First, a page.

Statistical analysis: Treatments were defined by randomized block design with three replicates per treatment, each consisting of 10 plants for field evaluation. The data were statistically analyzed using the IRRISTAT version 4.0 (1997) developed by the International Rice Research Institute Biometrics Unit, the Philippines (Gomez and Gomez, 1984). Data were subjected to statistical analysis and means were compared by Duncan's Multiple Range Test (DMRT).

RESULTS

Graft success per cent: Success per cent of the bitter gourd scions grafted onto different rootstocks is presented in Fig. 1. Among the ten rootstocks used in this study, the stem thickness of C. colocynthis and C. metuliferus rootstocks did not match with the thickness of bitter gourd scions. Moreover, the germination and growth of these rootstocks had been found too slow and these were discarded. In case of B. hispida and C. pepo, quick wilting occurred immediately after grafting. Hence, graft success per cent was assessed on six rootstocks employing two scions viz., Palee F1 and CO 1 at 15, 30 and 45 days after grafting (DAG). Among the six rootstocks used, C. moschata Duch.ex Poir recorded the highest success per cent of 89.0 at 15 DAG, 78.9 at 30 DAG and 71.7 at 45 DAG followed by L. cylindrical which recorded 85.3 at 15 DAG, 74.3 at 30 DAG and 68.2 at 45 DAG.

The lowest graft success (50.9, 25.4 and 12.1) was observed in M. charantia var. muricata rootstock followed by bitter gourd scion with C. ficifolia (45.0, 33.4 and 15.0) at 15, 30 and 45 days after grafting.

Evaluation of grafted plants under field condition: The result of the present study revealed that the biometric traits of the grafted plants were significantly affected by rootstock-scion combinations (Table 1). Vine length was significantly differed with respect to rootstocks and scions used in this study. There was gradual increase in vine length from 30 days after planting to final harvest. Among the twelve graft combinations, the highest vine length (856.6 cm) was recorded by Palee F1 scion grafted onto C. moschata Duch.ex Poir rootstock followed by CO 1 scion grafted onto C. moschata Duch.ex Poir rootstock (622.4 cm).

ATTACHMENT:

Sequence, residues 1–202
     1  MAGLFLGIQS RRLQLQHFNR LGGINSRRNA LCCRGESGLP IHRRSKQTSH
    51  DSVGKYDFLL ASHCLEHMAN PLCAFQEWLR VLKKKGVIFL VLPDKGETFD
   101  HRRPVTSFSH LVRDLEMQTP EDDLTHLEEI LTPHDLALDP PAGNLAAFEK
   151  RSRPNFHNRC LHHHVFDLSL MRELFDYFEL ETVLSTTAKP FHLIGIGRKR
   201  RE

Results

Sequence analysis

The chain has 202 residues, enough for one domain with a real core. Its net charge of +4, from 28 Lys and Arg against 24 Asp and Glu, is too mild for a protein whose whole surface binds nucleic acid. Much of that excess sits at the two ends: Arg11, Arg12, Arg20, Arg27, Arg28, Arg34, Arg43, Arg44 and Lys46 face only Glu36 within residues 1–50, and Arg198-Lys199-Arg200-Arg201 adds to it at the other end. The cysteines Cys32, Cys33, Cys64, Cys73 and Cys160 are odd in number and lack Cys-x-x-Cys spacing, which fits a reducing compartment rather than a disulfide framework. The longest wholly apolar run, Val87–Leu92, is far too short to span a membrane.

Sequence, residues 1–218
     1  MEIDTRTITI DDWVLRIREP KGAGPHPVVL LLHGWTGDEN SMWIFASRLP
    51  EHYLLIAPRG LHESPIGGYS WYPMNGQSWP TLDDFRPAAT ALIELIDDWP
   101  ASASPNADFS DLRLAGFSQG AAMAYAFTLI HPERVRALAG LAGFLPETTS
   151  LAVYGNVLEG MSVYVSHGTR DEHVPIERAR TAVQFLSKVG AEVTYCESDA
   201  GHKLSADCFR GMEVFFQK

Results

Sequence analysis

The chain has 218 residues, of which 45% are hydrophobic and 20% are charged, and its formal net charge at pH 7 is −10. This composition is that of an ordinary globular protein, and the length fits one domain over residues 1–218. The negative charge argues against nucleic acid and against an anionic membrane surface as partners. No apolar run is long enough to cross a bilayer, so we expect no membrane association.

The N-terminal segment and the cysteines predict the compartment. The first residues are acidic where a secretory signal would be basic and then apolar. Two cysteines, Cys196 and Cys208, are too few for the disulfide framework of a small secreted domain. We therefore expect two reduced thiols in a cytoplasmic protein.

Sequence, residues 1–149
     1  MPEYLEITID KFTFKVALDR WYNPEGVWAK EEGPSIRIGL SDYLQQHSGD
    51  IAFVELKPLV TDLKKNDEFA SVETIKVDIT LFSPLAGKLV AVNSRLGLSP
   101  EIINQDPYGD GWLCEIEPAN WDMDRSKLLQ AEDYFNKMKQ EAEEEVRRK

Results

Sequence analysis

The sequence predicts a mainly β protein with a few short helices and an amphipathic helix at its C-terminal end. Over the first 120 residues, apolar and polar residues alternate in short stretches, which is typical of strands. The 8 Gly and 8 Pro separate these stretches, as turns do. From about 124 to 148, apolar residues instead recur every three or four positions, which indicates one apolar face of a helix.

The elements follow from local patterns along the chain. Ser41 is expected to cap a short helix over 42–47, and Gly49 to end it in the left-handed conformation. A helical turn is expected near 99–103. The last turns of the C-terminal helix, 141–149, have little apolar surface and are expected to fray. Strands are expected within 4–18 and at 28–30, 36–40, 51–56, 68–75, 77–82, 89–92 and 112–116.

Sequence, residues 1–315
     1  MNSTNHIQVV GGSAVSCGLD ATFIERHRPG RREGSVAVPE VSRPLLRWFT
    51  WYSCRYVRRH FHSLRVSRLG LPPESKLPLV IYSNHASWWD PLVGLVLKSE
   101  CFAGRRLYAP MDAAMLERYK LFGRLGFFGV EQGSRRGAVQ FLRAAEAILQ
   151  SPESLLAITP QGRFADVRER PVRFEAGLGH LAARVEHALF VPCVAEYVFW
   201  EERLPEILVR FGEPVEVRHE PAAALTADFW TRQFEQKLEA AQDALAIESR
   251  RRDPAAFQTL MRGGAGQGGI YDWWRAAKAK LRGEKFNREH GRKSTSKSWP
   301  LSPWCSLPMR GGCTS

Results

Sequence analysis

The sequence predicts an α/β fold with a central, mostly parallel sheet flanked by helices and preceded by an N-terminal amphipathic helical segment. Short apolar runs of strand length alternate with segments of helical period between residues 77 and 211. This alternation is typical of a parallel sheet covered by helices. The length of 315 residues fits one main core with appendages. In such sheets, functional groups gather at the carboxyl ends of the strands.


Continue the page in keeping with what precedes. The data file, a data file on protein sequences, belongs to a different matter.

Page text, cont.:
The number of primary branches per plant is yet another yield contributing trait in bitter gourd which differed significantly among the grafted and non-grafted plants. Palee F1 scion grafted onto C. moschata Duch.ex Poir rootstock recorded the highest number of primary branches (13.1) than the other grafted and non-grafted plants. Mean comparison of days to flowering showed that higher values for this trait were observed in grafted plants and least in non-grafted plants which was statistically identical. The scion Palee F1 recorded the lowest number of days to produce female flower (62.3 days) than that of grafted and non-grafted plants. However, among the graft combination Palee F1 scion grafted onto C. moschata Duch.ex Poir rootstock was the earliest to produce female flower (68.3 days) whereas CO 1 scion grafted onto L. Siceraria Standl. rootstock took more number of days (91.9 days).

Node at which first female flower appearance is also considered as important biometric trait to measure the earliness in cucurbits. The graft Palee F1 scion grafted onto C. moschata Duch.ex Poir rootstock produced female flowers at the early nodes (24.4) than the other grafted plants and scions (Table 1).

Grafted bitter gourd plants tend to give higher female and lower male flowers when compared to non-grafted plants. In the present investigation, the graft combinations, Palee F1 scion grafted onto C. moschata Duch.ex Poir rootstock had the narrow sex ratio (17.2) than that of other grafted and non-grafted plants. Non-grafted plants or scions recorded lowest value for days to first harvest than grafted plants. However, among the twelve graft combinations, Palee F1 scion grafted onto C. moschata Duch.ex Poir rootstock showed earliness in the first harvest (81.9 days) which recorded high fruit yield (Table 2). Delayed harvesting in grafted plants was mainly due to delayed flowering because of heavy stress during graft union process.